Naughty Horses, Part 2 - Horses that don't know what to do
Naughty Horses, part 2 - Horses that don’t know what to do
In my last blog we looked at a few reasons that horses might misbehave and in this blog I am going to dig into one of those reasons in a bit more detail.
The first reason is that your horse doesn’t know what to do, the obvious case for this is young horses, but it could also apply to an older horse that just hasn’t been taught what’s expected in a given scenario.
How do you learn yourself? How do you train your horse?
So here’s a question for you, what kind of person are you? Do you like to dive in, give something a go and see if it works? Or, do you like to do lots of preparation, learn about it before you try something? 🧐
Depending on which one you are will be how you approach learning something new. It’s probably also how you train your horse and depending on the character of your horse will be how well that works for you.
Some horses are more than happy to try something for the first time and learn to deal with it relatively easily. Funnily enough I don’t tend to see many of these horses as they tend to take most things in their stride and handle new situations relatively easily as long as they’re not over-faced or have a bad experience.
I tend to see the other type, the one’s that don’t fit into the mould, the one’s that need a bit more help to think something new is a good idea whether that’s building their confidence or convincing them to give it a go in the first place!
There’s a first time for everything
To use a cliche ‘there’s a first time for everything’ however old a horse may be if your horse isn’t doing what you want the first question has to be ‘does he/she actually know what I am asking of him/her?’ If they have done it before, have they practiced it enough times to be confident and consistent?
If your horse hasn’t been taught how to respond to your request then the only information he has to fall back on is what his instincts tell him to do, usually falling into one of 3 options:-
1. Flight - run away!! Or try to, if your horse has a tendency to be scared or nervous then this is likely to be his favoured option
2. Fight - this response is happens either with a more confident horse or a scared horse that feels trapped and that he can’t get away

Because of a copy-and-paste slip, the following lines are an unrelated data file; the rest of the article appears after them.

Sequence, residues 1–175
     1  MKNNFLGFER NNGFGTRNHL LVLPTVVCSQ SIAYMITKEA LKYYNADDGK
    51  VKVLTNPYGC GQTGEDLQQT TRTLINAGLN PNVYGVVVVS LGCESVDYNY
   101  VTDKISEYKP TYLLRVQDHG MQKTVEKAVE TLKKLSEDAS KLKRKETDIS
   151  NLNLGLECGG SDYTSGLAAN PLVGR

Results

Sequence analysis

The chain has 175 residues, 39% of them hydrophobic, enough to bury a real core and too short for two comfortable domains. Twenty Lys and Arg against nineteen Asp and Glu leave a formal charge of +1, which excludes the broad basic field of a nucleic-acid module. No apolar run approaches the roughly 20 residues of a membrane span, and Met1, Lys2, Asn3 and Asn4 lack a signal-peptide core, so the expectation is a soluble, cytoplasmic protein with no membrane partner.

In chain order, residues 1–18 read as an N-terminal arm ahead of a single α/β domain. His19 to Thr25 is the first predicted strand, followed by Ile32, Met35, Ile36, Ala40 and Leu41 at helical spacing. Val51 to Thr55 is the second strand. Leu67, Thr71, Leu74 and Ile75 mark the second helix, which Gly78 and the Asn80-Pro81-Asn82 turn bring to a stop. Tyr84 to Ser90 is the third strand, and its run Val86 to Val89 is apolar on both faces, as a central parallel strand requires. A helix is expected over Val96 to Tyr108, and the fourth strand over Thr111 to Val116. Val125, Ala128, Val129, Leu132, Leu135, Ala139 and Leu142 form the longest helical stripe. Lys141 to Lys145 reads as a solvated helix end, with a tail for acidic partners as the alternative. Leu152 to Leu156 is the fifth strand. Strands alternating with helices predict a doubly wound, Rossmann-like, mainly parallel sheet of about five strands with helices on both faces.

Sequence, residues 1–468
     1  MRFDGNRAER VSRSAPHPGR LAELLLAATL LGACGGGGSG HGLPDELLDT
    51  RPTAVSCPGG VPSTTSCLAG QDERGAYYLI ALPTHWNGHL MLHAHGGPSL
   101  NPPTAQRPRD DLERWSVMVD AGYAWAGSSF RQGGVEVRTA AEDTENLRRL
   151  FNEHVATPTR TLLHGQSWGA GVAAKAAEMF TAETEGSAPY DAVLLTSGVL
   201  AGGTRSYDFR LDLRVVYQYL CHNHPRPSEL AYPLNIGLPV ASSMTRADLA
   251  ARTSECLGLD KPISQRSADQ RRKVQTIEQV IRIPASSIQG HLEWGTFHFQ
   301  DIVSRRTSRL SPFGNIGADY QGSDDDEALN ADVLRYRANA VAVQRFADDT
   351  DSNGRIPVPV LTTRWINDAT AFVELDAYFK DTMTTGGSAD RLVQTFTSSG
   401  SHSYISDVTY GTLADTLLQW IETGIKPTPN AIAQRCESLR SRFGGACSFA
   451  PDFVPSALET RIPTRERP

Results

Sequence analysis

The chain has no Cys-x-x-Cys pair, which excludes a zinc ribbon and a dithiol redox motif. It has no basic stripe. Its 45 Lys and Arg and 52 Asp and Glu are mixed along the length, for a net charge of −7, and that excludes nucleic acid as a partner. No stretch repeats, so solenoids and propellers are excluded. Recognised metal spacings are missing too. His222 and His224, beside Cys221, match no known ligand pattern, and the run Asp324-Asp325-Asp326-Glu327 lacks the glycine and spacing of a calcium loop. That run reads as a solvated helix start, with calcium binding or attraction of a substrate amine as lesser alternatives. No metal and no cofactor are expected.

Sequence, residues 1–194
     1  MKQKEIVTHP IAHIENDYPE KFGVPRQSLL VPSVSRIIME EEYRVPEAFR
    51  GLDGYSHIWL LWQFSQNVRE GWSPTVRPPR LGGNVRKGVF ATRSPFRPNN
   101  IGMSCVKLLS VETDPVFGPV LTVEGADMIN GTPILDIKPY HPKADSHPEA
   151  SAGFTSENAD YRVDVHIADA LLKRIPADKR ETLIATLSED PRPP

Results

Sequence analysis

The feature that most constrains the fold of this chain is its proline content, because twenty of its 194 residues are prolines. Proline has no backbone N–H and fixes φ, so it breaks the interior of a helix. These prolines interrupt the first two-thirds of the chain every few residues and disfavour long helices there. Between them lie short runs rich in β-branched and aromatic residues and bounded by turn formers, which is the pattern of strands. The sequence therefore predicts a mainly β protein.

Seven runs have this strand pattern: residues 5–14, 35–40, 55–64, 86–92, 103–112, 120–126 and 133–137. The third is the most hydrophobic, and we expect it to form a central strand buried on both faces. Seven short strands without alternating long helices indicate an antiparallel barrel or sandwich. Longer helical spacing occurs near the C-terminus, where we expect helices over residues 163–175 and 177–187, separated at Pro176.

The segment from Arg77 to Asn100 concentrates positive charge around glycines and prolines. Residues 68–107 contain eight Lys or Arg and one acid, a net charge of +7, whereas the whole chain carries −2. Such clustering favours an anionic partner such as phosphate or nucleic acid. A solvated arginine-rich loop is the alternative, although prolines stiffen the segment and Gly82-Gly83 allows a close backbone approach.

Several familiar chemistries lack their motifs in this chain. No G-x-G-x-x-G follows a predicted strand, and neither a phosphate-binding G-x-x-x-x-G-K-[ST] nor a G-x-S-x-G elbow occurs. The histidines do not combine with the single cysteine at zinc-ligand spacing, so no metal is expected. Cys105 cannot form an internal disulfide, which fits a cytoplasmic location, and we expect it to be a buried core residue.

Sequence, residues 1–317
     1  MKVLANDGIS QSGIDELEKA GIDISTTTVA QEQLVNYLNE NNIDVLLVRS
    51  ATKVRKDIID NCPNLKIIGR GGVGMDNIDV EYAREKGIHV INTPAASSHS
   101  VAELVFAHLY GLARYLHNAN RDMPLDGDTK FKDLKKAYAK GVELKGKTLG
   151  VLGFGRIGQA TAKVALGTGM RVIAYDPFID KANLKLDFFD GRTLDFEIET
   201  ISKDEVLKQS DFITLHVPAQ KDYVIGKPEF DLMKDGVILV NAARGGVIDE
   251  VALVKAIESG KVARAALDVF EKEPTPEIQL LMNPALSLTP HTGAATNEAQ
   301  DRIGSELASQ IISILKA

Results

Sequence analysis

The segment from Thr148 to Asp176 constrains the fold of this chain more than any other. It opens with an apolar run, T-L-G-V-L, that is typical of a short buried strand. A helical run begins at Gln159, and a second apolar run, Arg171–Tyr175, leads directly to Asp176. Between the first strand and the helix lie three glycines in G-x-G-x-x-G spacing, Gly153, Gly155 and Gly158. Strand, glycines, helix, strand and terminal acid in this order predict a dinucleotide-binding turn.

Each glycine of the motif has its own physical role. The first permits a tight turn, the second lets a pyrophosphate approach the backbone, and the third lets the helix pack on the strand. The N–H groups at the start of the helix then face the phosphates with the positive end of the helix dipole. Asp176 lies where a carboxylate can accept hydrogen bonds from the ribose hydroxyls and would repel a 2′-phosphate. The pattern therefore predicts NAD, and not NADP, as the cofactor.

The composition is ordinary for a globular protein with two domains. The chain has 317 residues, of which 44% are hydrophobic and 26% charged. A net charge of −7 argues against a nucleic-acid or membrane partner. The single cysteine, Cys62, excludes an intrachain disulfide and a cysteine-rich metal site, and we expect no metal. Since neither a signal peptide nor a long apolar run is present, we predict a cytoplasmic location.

3. Freeze - tense or nervous horses might just freeze up and refuse to move, this might also be the case with a more confident horse that has learnt not to respond
Whatever the case may be, part of teaching your horse to do the task will be helping him learn that the instinctual response is not what you are looking for and rewarding the correct response or a step towards that.
Take it step-by-step
Problems with teaching a horse something new often happen when we expect too much, breaking the task down into it’s component pieces. When the goal is obvious to the human it’s easy to forget that it might not be so obvious to the horse.
Let’s take jumping as an example, to the human the goal is clear, get from one side to the other, ideally leaving the jump in tact.
Imagine you were walking along a path and you get to a point where a large tree trunk has fallen halfway across the path, what would you naturally do? I’m sure there’s a few of us that would jump or climb over for the fun of it but the majority of us would take the easy route and walk round wouldn’t we?
But we ask our horses to go over a jump in the middle of a arena or field for fun when there’s all this free space around it instead. Can you see where I’m going with this?!
Of course it makes sense with a new horse that we start by going through some jump wings, then put a pole on the ground, then raise that pole on one side then both sides. By repeating this and rewarding our horse at each stage we break down the task into small chunks that make sense to our horse but it’s amazing how many of these simple tasks we expect our horses to do without breaking it down in this way.
So, if you’re not sure if your horse really knows what you’re asking him to do, think about how could I break this task down into smaller pieces so my horse can understand what I want.
Need more idea’s on how to break your task down? Download my FREE ebook ‘3 Steps to help your horse understand what you want’